Development of 5G infrastructure 

The demand for higher-speed internet and the shift toward well-connected homes, smart cities, and autonomous mobility have brought forward the advancement of internet technologies such as 5G and 6G. It is expected that later this year, we will see new infrastructures and utilities or the development of application updates from both larger organisations and up-and-coming startups. 

Australia rolled out 5G before the pandemic struck and many telcos are currently on track to do the same. Verizon announced a huge expansion of its 5G network in October 2020, which will reach more than 200 million users. Globally leading the charge is Ericsson. Today, there are more than 380 operators currently investing in 5G technology, with over 35 countries have already launched their services commercially.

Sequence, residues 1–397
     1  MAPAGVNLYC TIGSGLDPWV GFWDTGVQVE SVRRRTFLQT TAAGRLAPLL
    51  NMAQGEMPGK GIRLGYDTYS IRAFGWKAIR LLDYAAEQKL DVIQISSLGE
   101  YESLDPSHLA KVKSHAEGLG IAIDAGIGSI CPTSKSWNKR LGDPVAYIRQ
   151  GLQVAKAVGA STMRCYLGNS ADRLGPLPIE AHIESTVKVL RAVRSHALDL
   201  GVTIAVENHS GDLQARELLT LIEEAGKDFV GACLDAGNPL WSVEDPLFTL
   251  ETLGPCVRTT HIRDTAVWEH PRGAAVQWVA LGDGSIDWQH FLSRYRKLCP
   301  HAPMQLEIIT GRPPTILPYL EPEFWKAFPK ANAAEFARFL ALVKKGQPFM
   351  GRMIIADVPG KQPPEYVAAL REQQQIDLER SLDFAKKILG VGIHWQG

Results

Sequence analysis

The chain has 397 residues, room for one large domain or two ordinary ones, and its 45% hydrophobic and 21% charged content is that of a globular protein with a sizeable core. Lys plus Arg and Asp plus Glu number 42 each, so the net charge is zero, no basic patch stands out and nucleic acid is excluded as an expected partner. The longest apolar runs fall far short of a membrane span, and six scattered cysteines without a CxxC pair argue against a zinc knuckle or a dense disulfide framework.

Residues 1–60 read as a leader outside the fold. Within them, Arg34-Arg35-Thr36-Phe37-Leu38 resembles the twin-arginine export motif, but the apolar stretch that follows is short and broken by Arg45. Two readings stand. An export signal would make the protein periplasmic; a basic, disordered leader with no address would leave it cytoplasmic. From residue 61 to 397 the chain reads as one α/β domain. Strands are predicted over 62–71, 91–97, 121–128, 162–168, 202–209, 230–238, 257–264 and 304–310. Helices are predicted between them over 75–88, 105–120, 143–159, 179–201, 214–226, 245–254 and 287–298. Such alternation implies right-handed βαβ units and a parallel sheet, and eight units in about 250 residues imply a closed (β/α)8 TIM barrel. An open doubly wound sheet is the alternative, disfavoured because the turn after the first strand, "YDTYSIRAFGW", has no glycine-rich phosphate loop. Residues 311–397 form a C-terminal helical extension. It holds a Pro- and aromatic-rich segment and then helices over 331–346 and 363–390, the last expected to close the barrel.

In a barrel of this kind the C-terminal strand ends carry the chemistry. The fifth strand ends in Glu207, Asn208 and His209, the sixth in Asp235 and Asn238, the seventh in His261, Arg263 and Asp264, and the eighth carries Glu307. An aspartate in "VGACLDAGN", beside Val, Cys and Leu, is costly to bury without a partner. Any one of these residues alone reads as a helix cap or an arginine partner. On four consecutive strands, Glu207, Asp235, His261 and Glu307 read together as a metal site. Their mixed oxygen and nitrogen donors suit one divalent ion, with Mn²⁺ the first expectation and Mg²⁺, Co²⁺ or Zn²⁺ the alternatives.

Startup Seadronix from South Korea is using 5G to help power autonomous ships and the network is currently enabling devices to work together more efficiently in real-time, helping vessels to travel unmanned. 5G and 6G technology will drive smart-city projects globally with its advantages, set to support the autonomous mobility sector in 2021. 

AI, robotics, IoT, and industrial automation

Top technology-providing companies enabling industry automation with AI and robotics integration include UBTech Robotics, Roobo and XYZ Robotics in China, CloudMinds, Bright Machines, Vicarious, Fetch Robotics, and Covariant in the US, Kindred Systems in Canada, and Preferred Networks in Japan. 

It is expected that in 2021, there will be a huge demand and rapid growth of AI, robotics, IoT and industrial automation technology. As manufacturing and supply chains return to normalcy and full operation, manpower shortages will become a challenge. Automation, with the help of AI, robotics, and the internet of things will play a major role in facilitating operations for these industries.